The Sahara Group may lose its hold on the iconic Grosvenor House hotel in London as its largest creditor, Bank of China, has put the property up for sale to recover its dues.
Sahara had planned to sell or refinance its three offshore properties to realise sufficient amount to enable the release of its jailed chairman, Subrata Roy.
The company has reportedly taken a $900-million (`5,580 crore) loan from Bank of China to buy the London hotel, as well as The Plaza and Dream Downtown in New York.
The Telegraph of London on Tuesday reported that Deloitte has been appointed as administrator for the Grosvenor House sale. “We are in the process of agreeing on a sale strategy,” a Deloitte executive said.
There is no word yet on The Plaza and Dream Downtown.
Sahara confirmed that an administrator had been named, but claimed it could continue to explore refinance options, its preferred deal, with the administrator’s approval.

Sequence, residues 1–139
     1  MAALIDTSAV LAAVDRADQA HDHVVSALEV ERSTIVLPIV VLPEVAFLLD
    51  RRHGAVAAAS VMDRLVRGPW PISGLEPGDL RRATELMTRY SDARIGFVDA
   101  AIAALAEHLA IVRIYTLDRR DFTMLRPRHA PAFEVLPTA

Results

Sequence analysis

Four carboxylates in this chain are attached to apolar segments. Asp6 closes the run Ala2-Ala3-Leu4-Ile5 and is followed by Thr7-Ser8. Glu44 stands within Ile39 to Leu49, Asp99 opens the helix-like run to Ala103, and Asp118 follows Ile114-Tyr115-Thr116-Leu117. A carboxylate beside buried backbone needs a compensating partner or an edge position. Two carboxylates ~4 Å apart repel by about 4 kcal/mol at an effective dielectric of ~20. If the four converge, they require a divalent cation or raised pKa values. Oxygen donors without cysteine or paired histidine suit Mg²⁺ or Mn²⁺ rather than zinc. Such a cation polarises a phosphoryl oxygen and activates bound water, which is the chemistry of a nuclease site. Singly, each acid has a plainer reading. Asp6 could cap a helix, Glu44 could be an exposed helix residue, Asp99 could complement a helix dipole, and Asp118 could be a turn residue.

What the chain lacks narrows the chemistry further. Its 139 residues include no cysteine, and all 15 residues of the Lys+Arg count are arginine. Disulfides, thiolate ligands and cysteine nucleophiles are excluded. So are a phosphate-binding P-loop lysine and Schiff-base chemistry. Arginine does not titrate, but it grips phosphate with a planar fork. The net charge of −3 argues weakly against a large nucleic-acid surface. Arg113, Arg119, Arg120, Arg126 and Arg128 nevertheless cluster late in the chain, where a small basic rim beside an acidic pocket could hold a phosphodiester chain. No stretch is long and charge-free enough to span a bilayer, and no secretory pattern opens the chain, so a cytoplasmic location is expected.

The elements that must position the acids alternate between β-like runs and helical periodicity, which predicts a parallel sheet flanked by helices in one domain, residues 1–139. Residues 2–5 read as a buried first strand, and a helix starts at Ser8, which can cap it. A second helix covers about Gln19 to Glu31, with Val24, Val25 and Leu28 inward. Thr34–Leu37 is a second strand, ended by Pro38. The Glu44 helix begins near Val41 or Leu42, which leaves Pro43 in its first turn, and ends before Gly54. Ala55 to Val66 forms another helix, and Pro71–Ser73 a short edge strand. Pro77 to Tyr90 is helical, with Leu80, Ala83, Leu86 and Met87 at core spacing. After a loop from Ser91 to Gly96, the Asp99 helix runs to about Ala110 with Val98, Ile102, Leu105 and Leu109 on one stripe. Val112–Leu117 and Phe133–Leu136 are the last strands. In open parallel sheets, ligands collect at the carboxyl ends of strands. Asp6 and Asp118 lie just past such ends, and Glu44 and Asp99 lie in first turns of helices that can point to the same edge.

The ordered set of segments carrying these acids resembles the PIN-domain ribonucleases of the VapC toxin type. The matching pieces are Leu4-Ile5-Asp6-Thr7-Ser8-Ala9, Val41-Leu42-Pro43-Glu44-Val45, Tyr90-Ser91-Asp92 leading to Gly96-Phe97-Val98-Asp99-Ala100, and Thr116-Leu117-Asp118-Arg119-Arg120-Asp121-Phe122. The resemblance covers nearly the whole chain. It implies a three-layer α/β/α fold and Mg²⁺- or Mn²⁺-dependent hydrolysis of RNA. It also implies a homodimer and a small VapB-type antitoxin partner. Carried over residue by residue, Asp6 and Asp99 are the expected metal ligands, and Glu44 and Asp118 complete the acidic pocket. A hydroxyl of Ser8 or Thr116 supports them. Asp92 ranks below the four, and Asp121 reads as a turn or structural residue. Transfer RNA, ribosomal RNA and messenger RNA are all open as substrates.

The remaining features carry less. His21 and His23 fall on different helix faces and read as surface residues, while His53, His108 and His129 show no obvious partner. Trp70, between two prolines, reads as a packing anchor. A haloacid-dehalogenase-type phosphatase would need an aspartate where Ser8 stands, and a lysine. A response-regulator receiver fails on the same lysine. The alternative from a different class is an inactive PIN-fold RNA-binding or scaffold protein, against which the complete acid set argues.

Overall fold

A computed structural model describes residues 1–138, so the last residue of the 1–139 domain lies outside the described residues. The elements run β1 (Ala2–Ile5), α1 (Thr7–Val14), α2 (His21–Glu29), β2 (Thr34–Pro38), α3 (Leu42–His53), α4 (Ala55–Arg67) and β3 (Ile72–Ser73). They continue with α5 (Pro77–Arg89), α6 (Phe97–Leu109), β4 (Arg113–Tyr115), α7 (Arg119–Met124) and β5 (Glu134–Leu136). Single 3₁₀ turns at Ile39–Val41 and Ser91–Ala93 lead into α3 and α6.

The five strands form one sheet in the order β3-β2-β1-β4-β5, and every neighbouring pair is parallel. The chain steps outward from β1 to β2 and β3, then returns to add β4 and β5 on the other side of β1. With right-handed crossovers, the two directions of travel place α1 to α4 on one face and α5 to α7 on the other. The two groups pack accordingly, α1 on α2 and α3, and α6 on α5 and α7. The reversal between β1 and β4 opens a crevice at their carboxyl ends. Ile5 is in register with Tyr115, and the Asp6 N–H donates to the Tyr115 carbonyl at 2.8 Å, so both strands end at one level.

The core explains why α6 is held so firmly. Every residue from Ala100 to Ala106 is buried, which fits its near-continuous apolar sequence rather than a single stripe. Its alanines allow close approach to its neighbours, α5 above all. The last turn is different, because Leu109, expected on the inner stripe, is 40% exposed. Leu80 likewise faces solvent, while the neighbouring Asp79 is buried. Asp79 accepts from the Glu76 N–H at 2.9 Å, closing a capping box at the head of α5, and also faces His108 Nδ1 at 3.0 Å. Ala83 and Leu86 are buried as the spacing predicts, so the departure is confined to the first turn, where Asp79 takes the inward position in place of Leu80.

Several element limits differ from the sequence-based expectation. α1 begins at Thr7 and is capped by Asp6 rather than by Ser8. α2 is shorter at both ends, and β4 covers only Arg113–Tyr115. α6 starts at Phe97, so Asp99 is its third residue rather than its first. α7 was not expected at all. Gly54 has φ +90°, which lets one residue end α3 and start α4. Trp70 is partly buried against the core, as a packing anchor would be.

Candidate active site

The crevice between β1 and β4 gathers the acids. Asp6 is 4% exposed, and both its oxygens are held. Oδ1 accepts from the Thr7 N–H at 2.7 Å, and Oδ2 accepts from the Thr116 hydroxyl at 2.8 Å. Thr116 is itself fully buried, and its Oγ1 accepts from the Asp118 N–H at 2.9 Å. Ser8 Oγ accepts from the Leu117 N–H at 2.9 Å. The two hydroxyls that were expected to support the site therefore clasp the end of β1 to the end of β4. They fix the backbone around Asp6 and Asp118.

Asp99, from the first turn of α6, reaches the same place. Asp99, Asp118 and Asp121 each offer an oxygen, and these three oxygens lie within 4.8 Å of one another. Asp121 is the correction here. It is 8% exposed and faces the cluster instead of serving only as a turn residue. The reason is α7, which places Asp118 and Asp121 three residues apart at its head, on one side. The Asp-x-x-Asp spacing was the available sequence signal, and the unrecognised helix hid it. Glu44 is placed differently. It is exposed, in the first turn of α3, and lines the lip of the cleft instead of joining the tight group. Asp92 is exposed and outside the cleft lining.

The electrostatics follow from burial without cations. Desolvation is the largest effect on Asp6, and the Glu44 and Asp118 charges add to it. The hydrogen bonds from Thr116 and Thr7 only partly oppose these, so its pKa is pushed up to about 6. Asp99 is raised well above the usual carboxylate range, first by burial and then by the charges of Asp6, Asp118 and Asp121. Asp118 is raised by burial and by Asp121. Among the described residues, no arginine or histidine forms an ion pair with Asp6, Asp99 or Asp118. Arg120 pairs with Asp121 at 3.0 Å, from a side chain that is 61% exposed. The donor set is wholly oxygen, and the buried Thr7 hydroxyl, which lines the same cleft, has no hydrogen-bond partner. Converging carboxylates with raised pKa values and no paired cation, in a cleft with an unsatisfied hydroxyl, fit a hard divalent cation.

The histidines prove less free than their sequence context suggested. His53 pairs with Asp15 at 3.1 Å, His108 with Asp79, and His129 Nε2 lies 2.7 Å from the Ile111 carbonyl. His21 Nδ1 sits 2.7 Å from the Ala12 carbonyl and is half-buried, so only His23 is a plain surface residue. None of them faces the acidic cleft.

“The loan on Sahara’s three hotels from Bank of China is cross-collateralised and cross-guaranteed,” it said in a statement. “The debt servicing for the UK and US loans has always been completely proper and timely. However there has been technical breaches of the financial covenants in the loans on the US hotels because of which Bank of China has declared an event of default on the US loans. But because of cross collateralisation, the loan on Grosvenor House also is being treated under default,” the statement added.
Under UK law, when a company “passes into administration”, its board of directors report to the administrator, who then takes all decisions about its future; the owner is no longer involved.
“However this action by the administrator does not preclude us from working on the refinancing transaction,” Sahara said. “But now we would have to proceed ... with the consent of the administrator.”
After refinancing is obtained, the administrator would return control of the property back to Sahara, it said.